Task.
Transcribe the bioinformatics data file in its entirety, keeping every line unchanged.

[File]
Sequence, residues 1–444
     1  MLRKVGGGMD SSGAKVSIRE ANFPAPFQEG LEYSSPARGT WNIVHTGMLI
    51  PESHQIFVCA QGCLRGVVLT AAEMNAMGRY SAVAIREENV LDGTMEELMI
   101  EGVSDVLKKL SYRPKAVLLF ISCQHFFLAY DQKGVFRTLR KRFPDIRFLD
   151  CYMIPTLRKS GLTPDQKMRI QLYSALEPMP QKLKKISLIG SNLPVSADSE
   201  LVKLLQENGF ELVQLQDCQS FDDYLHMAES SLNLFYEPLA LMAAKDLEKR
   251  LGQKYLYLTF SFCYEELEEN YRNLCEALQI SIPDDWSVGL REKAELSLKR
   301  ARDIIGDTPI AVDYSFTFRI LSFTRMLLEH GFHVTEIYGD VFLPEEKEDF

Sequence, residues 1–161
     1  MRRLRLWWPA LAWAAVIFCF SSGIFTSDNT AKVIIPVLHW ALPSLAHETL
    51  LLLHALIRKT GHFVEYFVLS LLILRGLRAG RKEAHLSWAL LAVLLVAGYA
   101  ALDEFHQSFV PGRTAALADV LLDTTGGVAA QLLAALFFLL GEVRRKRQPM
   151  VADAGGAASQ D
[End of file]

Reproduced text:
Sequence, residues 1–444
     1  MLRKVGGGMD SSGAKVSIRE ANFPAPFQEG LEYSSPARGT WNIVHTGMLI
    51  PESHQIFVCA QGCLRGVVLT AAEMNAMGRY SAVAIREENV LDGTMEELMI
   101  EGVSDVLKKL SYRPKAVLLF ISCQHFFLAY DQKGVFRTLR KRFPDIRFLD
   151  CYMIPTLRKS GLTPDQKMRI QLYSALEPMP QKLKKISLIG SNLPVSADSE
   201  LVKLLQENGF ELVQLQDCQS FDDYLHMAES SLNLFYEPLA LMAAKDLEKR
   251  LGQKYLYLTF SFCYEELEEN YRNLCEALQI SIPDDWSVGL REKAELSLKR
   301  ARDIIGDTPI AVDYSFTFRI LSFTRMLLEH GFHVTEIYGD VFLPEEKEDF

Sequence, residues 1–161
     1  MRRLRLWWPA LAWAAVIFCF SSGIFTSDNT AKVIIPVLHW ALPSLAHETL
    51  LLLHALIRKT GHFVEYFVLS LLILRGLRAG RKEAHLSWAL LAVLLVAGYA
   101  ALDEFHQSFV PGRTAALADV LLDTTGGVAA QLLAALFFLL GEVRRKRQPM
   151  VADAGGAASQ D